Song of Creation: Another really fun card to play with! This is one of the draw engines of the deck and also our actual win condition for most games. We should pair it along with Discontinuity or Tale’s end if we don’t want discard our hand (and also to draw 2 in the process!), but if we are short on mana or just we don’t have the combo, we can afford to discard our entire hand anyway. Note that since we don’t want to rely on topdecks, we need something set-up, like having a castable Uro in the graveyard, a Fae of Wishes on adventure, or just scrying any spell to the top.
If our opponent let us untap with Song on the battlefield, the hard part is over and we can start having fun! Each spell draws 2 cards, so we basically dig through our entire deck and we should be able to take the necessary extra turns to win the game.
The easiest way to win is essentially by drawing our deck with one or two Songs of Creation, then picking up a Jace, Wielder of Mysteries with Granted and then drawing from our empty library for the win! Another important tip: if we cast Discontinuity with Song of Creation in play, we should put a stop, because we will draw 2 cards before actually ending the turn, so we have a small window to cast any freshly-drawn instant before Discontinuity resolves!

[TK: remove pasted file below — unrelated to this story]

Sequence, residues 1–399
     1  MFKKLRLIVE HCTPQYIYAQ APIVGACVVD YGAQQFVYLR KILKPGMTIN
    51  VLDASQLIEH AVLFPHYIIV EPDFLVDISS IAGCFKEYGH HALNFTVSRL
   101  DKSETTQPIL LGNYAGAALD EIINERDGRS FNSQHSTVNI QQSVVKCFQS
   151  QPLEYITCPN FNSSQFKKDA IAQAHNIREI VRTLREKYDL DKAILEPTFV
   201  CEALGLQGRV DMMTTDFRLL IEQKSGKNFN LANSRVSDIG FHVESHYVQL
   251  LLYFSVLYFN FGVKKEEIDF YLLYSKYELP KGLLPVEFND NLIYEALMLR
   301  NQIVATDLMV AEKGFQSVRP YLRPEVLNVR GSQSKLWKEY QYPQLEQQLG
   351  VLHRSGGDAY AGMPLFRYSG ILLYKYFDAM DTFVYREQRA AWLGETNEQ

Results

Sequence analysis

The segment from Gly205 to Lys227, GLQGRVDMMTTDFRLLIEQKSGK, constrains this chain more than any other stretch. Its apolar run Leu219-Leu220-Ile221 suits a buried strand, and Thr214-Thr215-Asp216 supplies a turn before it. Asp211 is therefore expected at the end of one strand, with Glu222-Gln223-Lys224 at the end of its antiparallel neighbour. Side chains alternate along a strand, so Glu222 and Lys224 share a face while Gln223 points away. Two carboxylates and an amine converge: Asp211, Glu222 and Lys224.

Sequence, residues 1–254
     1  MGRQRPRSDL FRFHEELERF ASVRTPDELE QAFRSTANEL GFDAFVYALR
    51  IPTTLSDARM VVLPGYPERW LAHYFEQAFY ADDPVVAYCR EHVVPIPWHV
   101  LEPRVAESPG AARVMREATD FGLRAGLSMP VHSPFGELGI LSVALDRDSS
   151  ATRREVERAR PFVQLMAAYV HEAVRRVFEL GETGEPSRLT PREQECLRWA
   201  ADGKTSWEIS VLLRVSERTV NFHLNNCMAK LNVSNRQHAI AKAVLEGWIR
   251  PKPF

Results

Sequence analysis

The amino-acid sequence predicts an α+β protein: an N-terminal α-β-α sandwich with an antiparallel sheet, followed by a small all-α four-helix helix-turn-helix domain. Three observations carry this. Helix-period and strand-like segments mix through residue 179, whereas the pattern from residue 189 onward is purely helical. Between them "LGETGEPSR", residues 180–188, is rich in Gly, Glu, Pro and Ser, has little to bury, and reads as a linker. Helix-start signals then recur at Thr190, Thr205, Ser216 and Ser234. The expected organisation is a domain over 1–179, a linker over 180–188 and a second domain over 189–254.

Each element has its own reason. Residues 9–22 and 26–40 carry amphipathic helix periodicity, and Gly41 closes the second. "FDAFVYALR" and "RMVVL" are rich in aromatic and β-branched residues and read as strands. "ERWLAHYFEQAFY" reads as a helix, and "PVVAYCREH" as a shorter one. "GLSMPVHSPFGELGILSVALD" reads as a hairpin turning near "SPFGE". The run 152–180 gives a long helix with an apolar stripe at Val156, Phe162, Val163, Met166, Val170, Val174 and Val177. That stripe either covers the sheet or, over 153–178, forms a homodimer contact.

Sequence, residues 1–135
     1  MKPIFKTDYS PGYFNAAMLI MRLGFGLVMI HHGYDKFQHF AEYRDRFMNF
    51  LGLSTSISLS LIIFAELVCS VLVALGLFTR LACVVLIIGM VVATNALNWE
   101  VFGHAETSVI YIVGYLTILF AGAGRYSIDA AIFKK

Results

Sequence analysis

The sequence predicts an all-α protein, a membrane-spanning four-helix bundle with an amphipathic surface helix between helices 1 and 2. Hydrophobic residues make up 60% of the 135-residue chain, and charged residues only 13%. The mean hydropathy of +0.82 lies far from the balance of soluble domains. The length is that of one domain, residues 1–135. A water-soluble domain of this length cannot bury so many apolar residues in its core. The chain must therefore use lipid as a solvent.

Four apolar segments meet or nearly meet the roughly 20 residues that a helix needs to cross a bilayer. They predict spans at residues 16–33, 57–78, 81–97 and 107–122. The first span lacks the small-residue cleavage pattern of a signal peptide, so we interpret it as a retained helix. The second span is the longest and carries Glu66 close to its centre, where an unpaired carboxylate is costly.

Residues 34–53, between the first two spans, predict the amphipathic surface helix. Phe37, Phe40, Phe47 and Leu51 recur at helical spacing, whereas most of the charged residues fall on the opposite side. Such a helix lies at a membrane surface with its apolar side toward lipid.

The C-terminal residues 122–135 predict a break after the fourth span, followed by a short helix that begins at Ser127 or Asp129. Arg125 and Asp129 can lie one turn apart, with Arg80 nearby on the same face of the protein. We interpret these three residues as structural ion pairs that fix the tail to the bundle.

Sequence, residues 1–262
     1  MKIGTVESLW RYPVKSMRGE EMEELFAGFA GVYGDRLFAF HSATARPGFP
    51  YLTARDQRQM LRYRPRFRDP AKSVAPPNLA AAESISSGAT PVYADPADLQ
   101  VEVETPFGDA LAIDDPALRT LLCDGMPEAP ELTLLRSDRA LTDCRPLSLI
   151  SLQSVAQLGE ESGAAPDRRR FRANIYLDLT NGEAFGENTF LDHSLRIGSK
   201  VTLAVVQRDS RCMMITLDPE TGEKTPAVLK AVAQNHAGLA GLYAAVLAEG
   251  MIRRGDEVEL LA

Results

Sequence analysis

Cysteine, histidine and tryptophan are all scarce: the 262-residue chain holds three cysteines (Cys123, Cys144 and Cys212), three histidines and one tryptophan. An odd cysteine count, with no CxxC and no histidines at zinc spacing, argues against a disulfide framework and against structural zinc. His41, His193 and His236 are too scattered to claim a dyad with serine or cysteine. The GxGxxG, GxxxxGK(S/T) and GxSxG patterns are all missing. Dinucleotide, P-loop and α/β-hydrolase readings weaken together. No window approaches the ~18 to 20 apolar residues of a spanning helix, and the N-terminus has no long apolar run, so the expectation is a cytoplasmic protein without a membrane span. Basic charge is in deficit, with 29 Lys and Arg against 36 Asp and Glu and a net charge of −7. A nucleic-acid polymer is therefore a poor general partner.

Lotus Field: Wait, is Black Lotus Standard legal, and can we use it every turn?! Well, not quite, but with this deck, we get somehow close to it. One of the best synergies with Lotus Field is having it paired with Tale’s End or Discontinuity, best case scenario on turn 2, so we don’t sacrifice anything and get to untap with five mana on the following turn, having effectively ramped by two mana.